Canucks Need Difference-Makers in Game Five

There was a huge sigh of relief on Wednesday among Vancouver Canucks fans as the team ended their three game losing streak and prevented themselves from becoming the first President’s trophy winning team to be swept in the first round.

Game four was a huge improvement for the Canucks despite an ugly first period. They killed penalties and got some powerplay goals while being backed up by a slightly more consistent and dependable defense as well as goalie Cory Schneider.

Before game three, a 1-0 loss for the Canucks, head coach Alain Vigneault stressed the fact that he needs players to contribute and perform well in games.

“Right now, we need a couple of difference-makers,” he told The Province. “I like our effort the last two games, but we need guys to step up.”

Game four featured difference-maker Daniel Sedin who, in his comeback from a concussion, made incredible passes and helped twin brother Henrik light up the scoreboard, as well as bringing the Canucks’ powerplay back to life.

“He’s an elite athlete, a world-class player and when the game is on the line those guys always seem to be able to raise their game to another level,” assistant coach Rick Bowness told canucks.com of the Sedins, who put their magical, telepathic-like play to work upon Daniel’s return. “When they are in your lineup and playing like they played, if you’re down a goal, down two goals, you know you are still in the game because you know they are capable of stepping up and making big plays and scoring huge goals that get us momentum. That impact is there every night they play, just because of their special abilities.”

With the Sedins up front, the Canucks had a few difference-makers in the defensive end as well. Alex Edler and Kevin Bieksa, neither of whom have had a good series, both scored in game four. Dan Hamhuis however, was one of the best defenders for the Canucks. He had two assists – his first points of the series – a team-high six shots, and a team-high ice time of 25:24. He was also tied with Bieksa for team-high blocked shots with three.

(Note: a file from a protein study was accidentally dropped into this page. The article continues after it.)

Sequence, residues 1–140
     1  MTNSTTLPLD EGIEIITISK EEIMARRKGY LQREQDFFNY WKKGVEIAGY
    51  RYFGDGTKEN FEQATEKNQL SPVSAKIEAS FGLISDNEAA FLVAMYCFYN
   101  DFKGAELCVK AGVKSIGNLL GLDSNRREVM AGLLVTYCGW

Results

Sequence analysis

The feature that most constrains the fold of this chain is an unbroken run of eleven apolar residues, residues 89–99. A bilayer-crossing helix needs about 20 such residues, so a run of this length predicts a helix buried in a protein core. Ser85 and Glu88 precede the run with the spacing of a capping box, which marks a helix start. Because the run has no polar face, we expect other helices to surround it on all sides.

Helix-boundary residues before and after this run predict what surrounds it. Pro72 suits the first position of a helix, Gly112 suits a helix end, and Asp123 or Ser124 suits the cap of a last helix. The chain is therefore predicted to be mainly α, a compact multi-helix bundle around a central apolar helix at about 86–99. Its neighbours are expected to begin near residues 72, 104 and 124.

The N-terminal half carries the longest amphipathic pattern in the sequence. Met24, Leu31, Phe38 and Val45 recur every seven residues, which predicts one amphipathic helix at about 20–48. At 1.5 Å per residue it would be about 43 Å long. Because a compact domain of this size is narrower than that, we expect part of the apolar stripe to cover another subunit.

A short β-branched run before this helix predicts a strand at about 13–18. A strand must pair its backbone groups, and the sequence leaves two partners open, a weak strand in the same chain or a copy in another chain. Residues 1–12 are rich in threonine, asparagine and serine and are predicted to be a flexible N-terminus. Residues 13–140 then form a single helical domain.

Then of course there was Cory Schneider, who will more than likely play the rest of series – and if the Canucks go further, he could remain the number one goaltender.

Interestingly, the numbers of hits by the Canucks in game four decreased significantly compared to the other games. Edler led the team with four hits, and LA outhit the Canucks 50-26. Even though the number of hits has dropped, the Canucks found a way to win. Maybe physicality is not that important when trying to beat the Kings. But whatever the Canucks did, whether it was less hitting or not, it worked, and they need to keep doing it in game five.

Game five will basically be a repeat of game four, a do-or-die game. As Vigneault said before game three, the Canucks need difference-makers. Yes, they have the Sedins, Hamhuis and Schneider, but there are many other players who have not yet reached the expectations set by themselves, the team and the fans.

At practice Friday, Vigneault had Alex Burrows, Ryan Kesler and Max Lapierre, three players who have not yet risen to expectations, practicing on a line together. Each of them has had their positive moments this series, but they are still lacking in something and not producing as much as expected.

Burrows, since scoring the opening goal of the series for the Canucks, has not appeared on the score sheet. He has managed to have an even plus/minus rating, except for a minus-1 rating in game four. This is coming from a player with a plus-24, 52 point regular season.